2. Mix with Matching Keys
Once you know your songs’ musical key, the first step to harmonic mixing in key is matching two song’s key. This is pretty easy. The music you are cueing will have the same musical key tag as the live song.
For example, if the playback song has a music key of 9B, a very common key, you’ll locate another song with the 9B musical key tag in your library that fits with the rhythm. You should be able to sort your library by the musical key, which will simplify the mixing in key process further.
Many newer controllers, CDJs, and even the software itself have an automatic mixing in key sync feature. The auto-key sync function works fine and minimizes time hunting out songs with the same key.
Once you’ve accomplished matching musical keys, you can move onto more advanced harmonic mixing in key practices.
3. Camelot Wheel Mixing in Key Chart
One wheel to rule them all in the music realm that contains all the musical keys with their number/letter & music theory labeling. The inner ring of this mixing key wheel chart shows Minor Keys, while the outer ring shows the Major Keys. The Camelot wheel mixing in key chart is so useful in harmonic mixing because it shows correlating musical keys. It’s a quick visual guide to mixing in key so that you can switch a song’s musical key to an adjacent or related key.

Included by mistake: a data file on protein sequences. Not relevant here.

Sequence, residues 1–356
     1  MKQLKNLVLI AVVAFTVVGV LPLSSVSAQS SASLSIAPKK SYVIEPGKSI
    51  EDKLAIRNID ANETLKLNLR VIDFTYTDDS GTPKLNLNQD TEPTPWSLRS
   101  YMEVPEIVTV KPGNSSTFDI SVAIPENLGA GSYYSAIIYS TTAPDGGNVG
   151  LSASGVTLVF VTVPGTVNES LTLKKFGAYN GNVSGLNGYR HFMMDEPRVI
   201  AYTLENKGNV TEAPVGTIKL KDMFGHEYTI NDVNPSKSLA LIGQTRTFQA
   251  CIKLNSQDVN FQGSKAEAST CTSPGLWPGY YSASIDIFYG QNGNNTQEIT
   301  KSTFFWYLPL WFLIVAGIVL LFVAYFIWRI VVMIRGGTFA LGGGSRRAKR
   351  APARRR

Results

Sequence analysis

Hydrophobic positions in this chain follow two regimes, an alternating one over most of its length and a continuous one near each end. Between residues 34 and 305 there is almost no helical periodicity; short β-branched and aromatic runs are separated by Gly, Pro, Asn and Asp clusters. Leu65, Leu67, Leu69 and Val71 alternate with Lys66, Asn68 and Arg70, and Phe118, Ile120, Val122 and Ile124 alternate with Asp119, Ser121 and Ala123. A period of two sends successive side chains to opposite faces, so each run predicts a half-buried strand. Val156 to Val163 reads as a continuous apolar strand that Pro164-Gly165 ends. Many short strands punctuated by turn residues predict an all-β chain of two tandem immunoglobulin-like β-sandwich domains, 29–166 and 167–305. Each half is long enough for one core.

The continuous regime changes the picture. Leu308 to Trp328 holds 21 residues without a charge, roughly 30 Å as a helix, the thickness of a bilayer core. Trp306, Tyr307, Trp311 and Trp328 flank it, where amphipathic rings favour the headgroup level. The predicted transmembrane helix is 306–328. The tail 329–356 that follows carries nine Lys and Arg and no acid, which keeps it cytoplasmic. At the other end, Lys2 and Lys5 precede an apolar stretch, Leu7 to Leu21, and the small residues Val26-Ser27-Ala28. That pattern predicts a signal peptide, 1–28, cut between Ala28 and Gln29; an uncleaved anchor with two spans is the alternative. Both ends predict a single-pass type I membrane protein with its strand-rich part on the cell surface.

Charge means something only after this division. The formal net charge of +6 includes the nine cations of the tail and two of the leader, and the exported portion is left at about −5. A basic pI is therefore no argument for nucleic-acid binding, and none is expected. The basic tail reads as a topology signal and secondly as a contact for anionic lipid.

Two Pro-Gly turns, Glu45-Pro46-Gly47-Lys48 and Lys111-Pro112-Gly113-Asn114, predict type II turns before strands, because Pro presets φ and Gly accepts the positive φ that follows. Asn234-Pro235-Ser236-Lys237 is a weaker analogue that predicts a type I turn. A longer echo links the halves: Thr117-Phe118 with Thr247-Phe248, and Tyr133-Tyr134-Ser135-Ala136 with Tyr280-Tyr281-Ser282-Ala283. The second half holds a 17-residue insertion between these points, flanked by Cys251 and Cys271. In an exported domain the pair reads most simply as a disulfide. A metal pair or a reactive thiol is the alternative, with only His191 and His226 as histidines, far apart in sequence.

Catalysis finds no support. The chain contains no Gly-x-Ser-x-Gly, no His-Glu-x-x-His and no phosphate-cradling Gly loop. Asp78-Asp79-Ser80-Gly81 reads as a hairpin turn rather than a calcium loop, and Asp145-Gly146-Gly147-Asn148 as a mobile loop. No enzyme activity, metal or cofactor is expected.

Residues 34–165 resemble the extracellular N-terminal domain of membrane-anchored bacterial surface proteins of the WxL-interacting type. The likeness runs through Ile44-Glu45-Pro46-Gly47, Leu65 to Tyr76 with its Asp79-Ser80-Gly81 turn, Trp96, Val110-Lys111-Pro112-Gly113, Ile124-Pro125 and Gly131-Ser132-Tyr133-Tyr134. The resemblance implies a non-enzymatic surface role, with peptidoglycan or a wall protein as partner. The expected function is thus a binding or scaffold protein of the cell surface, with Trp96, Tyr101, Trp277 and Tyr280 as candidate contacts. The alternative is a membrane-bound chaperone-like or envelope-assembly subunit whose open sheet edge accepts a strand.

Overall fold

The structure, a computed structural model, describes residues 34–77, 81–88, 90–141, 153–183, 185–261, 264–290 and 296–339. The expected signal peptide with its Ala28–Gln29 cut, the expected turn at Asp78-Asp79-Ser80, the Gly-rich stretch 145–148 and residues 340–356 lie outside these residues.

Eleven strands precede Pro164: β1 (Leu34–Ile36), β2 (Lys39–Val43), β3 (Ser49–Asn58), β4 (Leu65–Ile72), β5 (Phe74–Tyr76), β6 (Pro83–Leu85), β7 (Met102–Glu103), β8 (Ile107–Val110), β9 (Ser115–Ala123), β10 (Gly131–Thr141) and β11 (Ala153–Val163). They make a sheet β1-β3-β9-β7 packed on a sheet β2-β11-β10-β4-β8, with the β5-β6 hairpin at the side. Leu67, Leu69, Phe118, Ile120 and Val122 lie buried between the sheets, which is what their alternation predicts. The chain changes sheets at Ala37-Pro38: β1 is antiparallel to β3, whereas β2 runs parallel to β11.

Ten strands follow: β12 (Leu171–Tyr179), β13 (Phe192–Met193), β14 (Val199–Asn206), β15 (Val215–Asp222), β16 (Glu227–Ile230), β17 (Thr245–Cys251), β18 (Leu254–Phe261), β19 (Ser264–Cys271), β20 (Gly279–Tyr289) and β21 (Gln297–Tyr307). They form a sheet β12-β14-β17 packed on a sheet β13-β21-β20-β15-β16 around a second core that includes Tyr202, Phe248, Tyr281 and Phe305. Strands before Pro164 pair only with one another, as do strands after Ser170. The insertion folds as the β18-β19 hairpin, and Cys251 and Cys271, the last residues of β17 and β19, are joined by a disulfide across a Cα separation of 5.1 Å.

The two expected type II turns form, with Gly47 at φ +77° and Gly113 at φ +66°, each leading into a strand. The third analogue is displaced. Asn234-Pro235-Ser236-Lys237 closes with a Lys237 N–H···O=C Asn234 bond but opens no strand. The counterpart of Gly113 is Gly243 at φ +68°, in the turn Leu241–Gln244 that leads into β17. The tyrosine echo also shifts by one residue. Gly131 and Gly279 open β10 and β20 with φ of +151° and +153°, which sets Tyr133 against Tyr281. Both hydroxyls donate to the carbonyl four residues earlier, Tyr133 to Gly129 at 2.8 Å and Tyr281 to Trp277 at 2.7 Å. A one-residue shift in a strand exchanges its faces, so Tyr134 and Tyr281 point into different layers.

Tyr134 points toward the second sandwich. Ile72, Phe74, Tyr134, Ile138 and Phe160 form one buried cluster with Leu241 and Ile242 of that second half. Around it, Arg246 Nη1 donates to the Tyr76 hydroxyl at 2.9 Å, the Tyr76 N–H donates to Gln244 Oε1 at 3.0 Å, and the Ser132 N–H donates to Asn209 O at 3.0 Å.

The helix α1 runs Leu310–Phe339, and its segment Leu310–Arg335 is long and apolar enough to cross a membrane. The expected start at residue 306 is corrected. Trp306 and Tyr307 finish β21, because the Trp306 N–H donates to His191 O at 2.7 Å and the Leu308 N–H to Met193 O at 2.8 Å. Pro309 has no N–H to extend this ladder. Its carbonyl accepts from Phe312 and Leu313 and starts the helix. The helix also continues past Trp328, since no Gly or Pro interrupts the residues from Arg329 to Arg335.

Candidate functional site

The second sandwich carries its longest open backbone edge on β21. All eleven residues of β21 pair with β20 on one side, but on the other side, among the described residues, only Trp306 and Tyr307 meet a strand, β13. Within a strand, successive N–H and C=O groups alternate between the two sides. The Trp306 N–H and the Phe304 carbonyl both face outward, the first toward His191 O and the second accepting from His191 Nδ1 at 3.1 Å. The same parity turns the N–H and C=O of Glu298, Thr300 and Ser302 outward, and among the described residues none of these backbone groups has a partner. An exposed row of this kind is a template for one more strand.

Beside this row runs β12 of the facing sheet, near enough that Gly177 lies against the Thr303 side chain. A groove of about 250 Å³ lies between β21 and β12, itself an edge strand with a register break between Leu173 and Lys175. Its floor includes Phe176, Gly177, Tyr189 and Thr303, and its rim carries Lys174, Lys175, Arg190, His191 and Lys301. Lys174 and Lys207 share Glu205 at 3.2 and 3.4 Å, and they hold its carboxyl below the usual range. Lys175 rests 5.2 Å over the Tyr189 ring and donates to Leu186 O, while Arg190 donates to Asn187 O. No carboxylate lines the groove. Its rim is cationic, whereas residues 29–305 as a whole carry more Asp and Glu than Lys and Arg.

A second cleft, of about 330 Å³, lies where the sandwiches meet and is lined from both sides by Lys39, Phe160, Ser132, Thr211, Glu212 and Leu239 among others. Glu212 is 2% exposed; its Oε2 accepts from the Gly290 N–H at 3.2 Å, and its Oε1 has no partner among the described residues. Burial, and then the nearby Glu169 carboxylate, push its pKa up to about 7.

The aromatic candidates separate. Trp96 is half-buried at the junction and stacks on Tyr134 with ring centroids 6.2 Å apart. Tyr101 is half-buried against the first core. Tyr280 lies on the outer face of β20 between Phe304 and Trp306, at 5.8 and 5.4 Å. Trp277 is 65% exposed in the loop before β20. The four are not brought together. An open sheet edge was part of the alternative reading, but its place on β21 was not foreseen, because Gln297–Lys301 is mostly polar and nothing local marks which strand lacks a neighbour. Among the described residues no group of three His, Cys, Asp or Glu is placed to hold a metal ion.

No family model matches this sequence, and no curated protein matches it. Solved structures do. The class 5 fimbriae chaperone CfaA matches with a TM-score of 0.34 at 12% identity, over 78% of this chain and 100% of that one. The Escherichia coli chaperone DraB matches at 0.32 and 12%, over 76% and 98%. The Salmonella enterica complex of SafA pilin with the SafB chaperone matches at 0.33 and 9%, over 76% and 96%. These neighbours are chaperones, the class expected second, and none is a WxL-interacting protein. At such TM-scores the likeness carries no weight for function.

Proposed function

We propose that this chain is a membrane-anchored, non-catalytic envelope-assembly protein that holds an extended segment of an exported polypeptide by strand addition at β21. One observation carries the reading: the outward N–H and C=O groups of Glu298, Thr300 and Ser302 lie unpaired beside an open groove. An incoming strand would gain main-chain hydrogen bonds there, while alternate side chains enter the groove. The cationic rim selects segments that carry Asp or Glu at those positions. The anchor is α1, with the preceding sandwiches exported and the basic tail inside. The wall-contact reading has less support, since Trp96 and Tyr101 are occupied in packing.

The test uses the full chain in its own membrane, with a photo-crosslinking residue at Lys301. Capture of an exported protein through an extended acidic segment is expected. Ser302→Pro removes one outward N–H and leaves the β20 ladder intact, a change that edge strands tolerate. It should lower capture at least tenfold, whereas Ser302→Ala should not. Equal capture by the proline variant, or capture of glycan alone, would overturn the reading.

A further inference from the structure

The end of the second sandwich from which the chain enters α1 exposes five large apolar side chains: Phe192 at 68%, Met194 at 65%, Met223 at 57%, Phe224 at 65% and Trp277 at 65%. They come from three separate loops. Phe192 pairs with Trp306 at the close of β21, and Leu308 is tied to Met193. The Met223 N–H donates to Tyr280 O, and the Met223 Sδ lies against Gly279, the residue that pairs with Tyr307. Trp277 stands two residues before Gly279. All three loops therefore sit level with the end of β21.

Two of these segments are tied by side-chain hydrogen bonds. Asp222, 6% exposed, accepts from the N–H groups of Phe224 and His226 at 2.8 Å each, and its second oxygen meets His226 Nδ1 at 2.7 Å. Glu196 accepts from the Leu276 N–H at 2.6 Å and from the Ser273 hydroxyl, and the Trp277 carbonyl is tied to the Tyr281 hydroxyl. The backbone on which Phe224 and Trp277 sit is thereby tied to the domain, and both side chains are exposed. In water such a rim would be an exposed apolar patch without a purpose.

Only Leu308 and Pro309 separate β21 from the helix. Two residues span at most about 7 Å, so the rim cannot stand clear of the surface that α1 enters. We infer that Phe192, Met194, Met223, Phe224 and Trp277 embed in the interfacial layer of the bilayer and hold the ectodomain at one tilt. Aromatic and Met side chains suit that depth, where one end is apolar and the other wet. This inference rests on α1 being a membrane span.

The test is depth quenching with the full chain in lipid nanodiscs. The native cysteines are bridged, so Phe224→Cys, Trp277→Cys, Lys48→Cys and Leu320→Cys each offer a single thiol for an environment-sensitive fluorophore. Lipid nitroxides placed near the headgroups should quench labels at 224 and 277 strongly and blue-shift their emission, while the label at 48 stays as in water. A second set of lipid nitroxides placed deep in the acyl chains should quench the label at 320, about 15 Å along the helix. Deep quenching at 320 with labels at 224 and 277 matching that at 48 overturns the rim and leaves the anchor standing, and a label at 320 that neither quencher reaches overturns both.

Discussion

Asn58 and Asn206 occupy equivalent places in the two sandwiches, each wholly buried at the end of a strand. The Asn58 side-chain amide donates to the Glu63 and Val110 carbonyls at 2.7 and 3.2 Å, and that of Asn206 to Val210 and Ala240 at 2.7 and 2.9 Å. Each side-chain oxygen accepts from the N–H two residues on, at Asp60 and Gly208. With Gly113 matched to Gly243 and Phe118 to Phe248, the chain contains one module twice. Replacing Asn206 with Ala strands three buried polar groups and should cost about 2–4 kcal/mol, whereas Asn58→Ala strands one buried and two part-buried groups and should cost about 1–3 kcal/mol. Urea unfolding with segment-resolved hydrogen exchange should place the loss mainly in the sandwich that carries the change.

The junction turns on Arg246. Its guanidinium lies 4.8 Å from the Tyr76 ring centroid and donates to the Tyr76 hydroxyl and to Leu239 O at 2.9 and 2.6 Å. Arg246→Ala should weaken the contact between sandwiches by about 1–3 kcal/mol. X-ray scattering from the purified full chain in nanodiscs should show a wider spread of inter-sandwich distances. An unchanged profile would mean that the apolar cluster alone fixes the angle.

Google “Camelot Wheel mixing in key chart,” and you’ll see plenty of information pop up. Download it to your desktop (and set it to your desktop for quick reference while DJing.)
4. Mix Using Related Keys
Mixing with the same musical key is a good starting place, but meshing a new song with an adjacent musical key will liven things up! A related musical key is “in the same neighborhood” on the Camelot Wheel. A corresponding musical key is either across from or one increment up or down on the wheel.
Swap a musical key with its linked Major/Minor key for an easy way to start the process.